Most Magicians Don't Know About Low-Odds Convincers

Rory Adams teaches a candy trick.

Magician at desk illustration

In magic, a convincer is any action intended to convince the spectator of something that furthers the method. If you've ever spread a deck of cards face up to show they're all different before letting a spectator choose one, congratulations; you've used a convincer in your magic.

Convincers do not always need to be lies. You might be showing the spectator that they genuinely had a free choice of cards. Sometimes, a convincer will involve its own kind of method in itself. For example, you might want to rattle a cup with a coin inside before vanishing it, and the fake sound of the coin rattling inside acts as a convincer, but that's a trick in and of itself.

You might wave your hand over a floating dollar bill to prove that there are no strings above or below it, and this acts as a great convincer. But to pass a solid ring over the floating bill as a convincer, you'll likely need to rely on an additional method like a gimmicked ring or sleight-of-hand to pass the ring over it.

Successful magicians use different types of convincers, and the more you learn about each type, the easier they are to apply to your magic. Almost every trick can be enhanced with convincers. Some convincers are more enhancing than others – for example, telling a spectator that a card box is empty isn't as convincing as shaking out all of its contents in front of the spectator.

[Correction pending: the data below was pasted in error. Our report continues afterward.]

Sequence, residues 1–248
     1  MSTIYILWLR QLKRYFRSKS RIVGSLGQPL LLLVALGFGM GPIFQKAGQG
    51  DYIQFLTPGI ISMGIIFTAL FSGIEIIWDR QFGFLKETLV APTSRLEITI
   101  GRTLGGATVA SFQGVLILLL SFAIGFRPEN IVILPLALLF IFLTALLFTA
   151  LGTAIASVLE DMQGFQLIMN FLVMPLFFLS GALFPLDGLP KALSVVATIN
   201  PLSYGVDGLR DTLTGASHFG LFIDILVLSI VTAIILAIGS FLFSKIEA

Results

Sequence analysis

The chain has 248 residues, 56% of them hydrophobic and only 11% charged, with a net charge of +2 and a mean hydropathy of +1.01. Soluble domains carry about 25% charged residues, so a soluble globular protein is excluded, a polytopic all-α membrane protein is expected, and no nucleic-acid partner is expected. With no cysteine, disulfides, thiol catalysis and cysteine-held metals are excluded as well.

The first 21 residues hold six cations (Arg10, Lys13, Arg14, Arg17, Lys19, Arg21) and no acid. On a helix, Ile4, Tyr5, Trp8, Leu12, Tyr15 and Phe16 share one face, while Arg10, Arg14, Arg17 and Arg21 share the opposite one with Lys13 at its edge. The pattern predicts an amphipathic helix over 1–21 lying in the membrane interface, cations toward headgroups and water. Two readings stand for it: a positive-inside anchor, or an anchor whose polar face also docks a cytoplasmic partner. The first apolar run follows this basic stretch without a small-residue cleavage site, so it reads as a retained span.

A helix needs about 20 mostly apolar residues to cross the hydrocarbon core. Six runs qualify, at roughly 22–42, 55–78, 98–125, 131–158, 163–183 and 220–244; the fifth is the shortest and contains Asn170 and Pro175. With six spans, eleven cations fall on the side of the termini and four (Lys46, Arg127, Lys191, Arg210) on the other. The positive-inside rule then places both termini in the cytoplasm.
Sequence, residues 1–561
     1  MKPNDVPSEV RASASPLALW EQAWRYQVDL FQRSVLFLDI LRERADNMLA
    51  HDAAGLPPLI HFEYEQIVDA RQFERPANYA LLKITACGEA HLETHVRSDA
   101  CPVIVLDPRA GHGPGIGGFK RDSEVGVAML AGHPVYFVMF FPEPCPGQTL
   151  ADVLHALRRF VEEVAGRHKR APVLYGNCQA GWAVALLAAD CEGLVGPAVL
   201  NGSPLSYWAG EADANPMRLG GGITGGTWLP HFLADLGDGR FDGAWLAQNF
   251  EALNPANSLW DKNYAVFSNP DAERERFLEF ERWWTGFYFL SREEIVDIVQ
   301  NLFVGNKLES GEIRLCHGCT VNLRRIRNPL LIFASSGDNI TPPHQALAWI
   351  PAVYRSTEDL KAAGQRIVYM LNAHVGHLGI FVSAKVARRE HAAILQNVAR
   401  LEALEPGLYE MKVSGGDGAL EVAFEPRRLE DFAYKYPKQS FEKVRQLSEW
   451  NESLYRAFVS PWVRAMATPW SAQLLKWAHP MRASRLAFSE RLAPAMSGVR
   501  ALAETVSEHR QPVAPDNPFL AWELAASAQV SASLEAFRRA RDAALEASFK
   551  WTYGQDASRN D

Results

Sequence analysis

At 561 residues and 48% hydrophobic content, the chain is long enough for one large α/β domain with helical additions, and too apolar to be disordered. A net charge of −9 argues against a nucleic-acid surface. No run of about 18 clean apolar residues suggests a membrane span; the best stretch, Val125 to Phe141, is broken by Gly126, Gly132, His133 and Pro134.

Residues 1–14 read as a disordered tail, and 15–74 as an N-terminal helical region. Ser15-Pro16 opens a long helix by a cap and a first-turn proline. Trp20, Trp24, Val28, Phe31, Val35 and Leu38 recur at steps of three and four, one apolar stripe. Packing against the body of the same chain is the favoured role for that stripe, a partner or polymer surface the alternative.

There's a type of convincer in magic called a low-odds convincer, and it's absolutely genius and so satisfying. This form of convincer is left to chance in some ways, which is why it's so fooling. Even so, there's also an element of multiple-outs (another great magic principle), which means the low-odds convincer works every time.

Here's an example of a trick that relies partly on a low-odds convincer. In its simplest form, you can tell each of your friends which candy flavour they are chewing from a randomly selected tube of Mentos that's in a proven mixed-up order:

You're with four friends and open up a multipack of fruit Mentos. There are six individual tubes of the Mentos in the multipack. You ask one of your friends to choose any of the six tubes of Mentos and open it up out of view. Here's the fun part: While you look away, each of your friends will take one of the fruit Mentos, remember the colour, and then place it in their closed mouth, but they should not chew it just yet.

You turn around and pick up one of the remaining five tubes of Mentos. You open it and place the random assortment of coloured Mentos onto the table in a line. There's a pink one, yellow, orange, another two pink, a green and a yellow one.

Finally, you ask your friends to chew on their fruit Mentos.

All you have to do is look them in the eye, and without saying a word, you can place a correctly matching coloured Mento from your packet in front of each of the four friends. Yellow, yellow, pink, orange. It's a perfect match.

That's the trick! Now, let's get into the method and find out exactly why a low-odds convincer is used to enhance this trick.

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